The Winter Freeze Shelter, in its new location in the Catholic Charities Center ballroom, is expected to open early in the week of December 19.

Because the decision about the new location was made only recently, they had a lot of preparations to make in a short time.

They are putting down temporary coverings over the hardwood floors and over the wainscoting on the walls, erecting room dividers to separate the men’s from the women’s spaces and bringing in beds.

They say it will be a low barrier shelter, with the goal being to keep as many people as possible out of the cold.

“It does not require people to have an ID,” said John Moses, shelter manager. “It recognizes that there are people from the streets that are suffering with addiction and may not be ready for treatment, so we accept anybody into a low barrier shelter, even if they’re a bit impaired.”

“It’s getting colder every day and we know that as time goes on, we’ll have people really suffering from a lot more illness and disease,” said Mark Phillips, CEO of Catholic Charities West Virginia. “We’ll have people who unfortunately pass away if there’s not an alternative. And we see crime rates increase as well because desperate people really are looking for solutions in this weather.”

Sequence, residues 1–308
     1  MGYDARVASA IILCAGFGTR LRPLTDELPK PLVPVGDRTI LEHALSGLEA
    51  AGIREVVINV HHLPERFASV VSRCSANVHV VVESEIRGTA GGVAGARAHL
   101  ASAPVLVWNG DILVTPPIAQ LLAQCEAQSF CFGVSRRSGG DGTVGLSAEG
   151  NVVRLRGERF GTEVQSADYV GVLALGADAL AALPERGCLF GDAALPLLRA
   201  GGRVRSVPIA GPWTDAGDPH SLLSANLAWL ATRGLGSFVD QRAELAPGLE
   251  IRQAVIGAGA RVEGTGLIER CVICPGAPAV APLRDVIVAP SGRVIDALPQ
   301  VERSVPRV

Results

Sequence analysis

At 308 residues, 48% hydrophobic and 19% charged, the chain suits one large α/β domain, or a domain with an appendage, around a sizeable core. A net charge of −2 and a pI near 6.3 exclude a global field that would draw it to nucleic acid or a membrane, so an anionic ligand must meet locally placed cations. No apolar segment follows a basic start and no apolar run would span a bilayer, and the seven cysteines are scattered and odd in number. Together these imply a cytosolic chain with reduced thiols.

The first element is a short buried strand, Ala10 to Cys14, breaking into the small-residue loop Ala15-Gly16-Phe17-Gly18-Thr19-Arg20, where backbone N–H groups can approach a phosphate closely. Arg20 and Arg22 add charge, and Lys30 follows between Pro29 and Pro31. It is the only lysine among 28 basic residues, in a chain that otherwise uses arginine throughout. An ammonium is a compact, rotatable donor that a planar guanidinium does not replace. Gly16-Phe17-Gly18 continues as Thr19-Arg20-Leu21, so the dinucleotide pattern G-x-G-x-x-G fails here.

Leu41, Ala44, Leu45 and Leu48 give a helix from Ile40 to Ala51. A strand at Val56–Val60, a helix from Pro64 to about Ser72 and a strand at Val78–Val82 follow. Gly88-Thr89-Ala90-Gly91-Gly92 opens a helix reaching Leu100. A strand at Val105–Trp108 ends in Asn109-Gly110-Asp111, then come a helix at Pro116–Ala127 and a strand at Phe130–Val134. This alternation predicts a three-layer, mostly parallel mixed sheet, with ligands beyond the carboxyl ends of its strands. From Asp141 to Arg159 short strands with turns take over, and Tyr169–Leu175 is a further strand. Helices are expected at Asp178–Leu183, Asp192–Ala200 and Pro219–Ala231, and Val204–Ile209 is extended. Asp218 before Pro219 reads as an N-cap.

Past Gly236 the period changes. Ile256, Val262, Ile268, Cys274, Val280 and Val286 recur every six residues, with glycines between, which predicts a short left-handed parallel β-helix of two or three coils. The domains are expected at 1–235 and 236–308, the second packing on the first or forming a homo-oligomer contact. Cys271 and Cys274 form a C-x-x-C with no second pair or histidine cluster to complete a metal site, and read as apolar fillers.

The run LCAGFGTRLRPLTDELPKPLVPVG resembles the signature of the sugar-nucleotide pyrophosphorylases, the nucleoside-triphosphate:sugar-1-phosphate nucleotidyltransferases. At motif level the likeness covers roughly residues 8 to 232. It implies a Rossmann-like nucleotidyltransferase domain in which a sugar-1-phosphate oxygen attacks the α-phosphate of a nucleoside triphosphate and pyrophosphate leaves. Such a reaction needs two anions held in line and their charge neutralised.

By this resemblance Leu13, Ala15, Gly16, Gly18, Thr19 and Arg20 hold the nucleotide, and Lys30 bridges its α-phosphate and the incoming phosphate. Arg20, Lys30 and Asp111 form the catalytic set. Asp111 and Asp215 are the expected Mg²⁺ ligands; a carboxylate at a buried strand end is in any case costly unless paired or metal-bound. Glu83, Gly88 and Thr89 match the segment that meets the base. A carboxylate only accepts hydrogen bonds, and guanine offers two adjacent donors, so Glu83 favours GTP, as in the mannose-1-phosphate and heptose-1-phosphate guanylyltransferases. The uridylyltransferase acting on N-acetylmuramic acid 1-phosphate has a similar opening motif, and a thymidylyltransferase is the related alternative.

“We just feel blessed and honored to be working with the diocese and with Catholic Charities,” said Melissa Adams, Wheeling Homeless Liaison. “And we are looking forward to the future of what the Life Hub is going to be here within the city.”

The goal is to obtain a building that can become a Life Hub, crating a year-round space for the homeless with on-site resources to help them with everything from addictions to education.

Last year, the  Winter Freeze Shelter was housed  in the former Hillcrest building in the OVMC complex, but it will soon be torn down to make way for a new cancer center to be built there by WVU Medicine.